Nine financial institutions have been selected by the Development Bank of Nigeria, DBN, to handle its intervention fund to entrepreneurs in the Micro, Small and Medium Enterprise MSMEs.
Tony Okpanachi, Managing Director, DBN, said the target of the bank was to provide long-term funding to about 20,000 MSME operators in the first year of full operation.
In his words:
“We have started bringing on board some commercial banks; we have also made lines available to them so that as they come, we draw down the line. But I am glad to tell you that we have almost nine currently on our list, both commercial and microfinance banks; and between now and the end of June, we expect more commercial banks.”
The financial institution includes five commercial banks,
- Wema Bank
- Sterling Bank
- Diamond Bank
- Fidelity Bank and four microfinance banks made up of MicroCredit, Infinity, Busack, and Fortis.
Okpanachi noted that DBN would simplify its loan application processes to enable more entrepreneurs in the MSMEs to have access to its intervention fund and provide long-term funding for small business owner.
He also expressed the readiness of the Bank to support startups noting that once a project comes and they assess it to be bankable, the bank is ready to take up the risk with them to give funding for start-ups.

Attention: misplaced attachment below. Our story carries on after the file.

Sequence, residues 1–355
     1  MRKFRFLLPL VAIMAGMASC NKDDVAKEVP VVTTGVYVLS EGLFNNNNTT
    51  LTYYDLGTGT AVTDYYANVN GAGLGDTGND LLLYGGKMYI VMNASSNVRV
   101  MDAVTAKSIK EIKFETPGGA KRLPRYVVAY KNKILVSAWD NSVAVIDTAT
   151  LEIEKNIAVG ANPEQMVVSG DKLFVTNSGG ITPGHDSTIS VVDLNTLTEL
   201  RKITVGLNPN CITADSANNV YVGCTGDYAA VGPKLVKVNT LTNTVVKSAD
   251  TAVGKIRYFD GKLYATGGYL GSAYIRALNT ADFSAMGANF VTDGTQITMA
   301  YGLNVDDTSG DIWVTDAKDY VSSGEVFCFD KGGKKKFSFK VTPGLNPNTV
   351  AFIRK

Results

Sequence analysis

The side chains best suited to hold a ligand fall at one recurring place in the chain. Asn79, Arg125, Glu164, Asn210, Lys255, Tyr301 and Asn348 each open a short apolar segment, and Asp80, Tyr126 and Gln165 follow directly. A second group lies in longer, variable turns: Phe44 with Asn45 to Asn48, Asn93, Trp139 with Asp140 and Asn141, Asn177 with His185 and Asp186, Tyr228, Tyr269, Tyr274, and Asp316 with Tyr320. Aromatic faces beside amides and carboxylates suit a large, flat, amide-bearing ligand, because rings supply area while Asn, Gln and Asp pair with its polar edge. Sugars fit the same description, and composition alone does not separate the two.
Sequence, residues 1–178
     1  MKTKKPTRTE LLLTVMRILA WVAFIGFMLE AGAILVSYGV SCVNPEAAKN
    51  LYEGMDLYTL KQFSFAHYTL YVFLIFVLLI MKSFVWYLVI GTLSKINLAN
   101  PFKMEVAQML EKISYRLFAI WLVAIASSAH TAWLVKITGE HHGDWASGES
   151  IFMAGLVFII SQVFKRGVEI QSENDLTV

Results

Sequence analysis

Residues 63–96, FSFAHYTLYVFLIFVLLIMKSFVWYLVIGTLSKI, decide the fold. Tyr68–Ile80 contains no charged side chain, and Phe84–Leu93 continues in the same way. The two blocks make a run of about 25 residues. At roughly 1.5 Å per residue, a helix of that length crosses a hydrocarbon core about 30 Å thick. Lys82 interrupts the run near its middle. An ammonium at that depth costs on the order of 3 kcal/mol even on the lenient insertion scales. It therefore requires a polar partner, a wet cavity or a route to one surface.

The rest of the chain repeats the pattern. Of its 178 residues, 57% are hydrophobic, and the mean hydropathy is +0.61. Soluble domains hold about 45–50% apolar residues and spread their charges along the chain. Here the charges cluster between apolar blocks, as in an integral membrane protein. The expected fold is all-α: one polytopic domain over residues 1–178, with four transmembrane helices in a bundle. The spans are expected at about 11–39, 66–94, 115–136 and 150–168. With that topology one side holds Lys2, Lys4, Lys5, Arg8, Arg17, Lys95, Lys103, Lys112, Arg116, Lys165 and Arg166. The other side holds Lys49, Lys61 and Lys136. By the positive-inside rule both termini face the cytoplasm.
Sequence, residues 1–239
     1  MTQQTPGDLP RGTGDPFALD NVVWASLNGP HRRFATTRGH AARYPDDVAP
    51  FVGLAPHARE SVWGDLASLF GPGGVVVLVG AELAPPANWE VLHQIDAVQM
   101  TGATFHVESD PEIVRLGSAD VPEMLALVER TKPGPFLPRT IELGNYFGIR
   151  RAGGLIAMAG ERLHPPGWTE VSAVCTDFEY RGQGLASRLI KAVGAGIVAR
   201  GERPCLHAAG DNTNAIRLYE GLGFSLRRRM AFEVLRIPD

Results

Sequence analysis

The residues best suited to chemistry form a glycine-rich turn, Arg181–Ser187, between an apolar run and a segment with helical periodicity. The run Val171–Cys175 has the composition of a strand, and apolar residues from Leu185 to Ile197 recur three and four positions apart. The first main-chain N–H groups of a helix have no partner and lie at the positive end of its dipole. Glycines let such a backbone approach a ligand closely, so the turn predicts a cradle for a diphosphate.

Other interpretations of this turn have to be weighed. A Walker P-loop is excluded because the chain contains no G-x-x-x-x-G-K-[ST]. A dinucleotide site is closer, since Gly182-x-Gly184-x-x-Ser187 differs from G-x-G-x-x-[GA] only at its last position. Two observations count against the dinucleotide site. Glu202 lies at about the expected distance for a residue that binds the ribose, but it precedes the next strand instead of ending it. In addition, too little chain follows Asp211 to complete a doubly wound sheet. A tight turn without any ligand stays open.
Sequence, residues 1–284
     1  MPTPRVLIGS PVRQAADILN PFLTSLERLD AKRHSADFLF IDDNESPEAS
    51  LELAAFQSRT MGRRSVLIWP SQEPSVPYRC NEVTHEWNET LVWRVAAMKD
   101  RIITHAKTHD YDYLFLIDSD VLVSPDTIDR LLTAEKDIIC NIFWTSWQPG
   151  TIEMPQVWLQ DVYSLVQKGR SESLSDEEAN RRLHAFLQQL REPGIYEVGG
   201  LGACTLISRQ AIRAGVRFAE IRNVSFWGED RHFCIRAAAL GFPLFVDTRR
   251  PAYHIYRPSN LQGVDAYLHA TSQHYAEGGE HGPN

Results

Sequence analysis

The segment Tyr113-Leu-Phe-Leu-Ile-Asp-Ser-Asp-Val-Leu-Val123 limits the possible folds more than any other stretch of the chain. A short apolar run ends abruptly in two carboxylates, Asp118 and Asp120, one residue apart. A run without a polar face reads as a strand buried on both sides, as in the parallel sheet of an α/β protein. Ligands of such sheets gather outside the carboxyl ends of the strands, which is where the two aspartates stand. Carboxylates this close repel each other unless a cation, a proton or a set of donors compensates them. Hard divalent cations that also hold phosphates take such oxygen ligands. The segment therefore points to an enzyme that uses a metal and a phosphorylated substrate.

Recently, the bank announced a $70 million equity injection from the European Investment Bank, EIB, and the African Development Bank, AfDB, to strengthen lending for all classes of business in the country.
The fund will see European Investment Bank inject $20-million equity stake in the financing institution, alongside US $50-million equity participation from the African Development Bank.
The DBN, created by the Federal Government of Nigeria to address financing challenges hindering private sector investment in the country.
The Bank is expected to provide funding and risk sharing facilities to micro, small and medium enterprises as well as small corporates. With funding partners from The World Bank, African Development Bank, French Development Agency, and Kfw Development bank of Germany.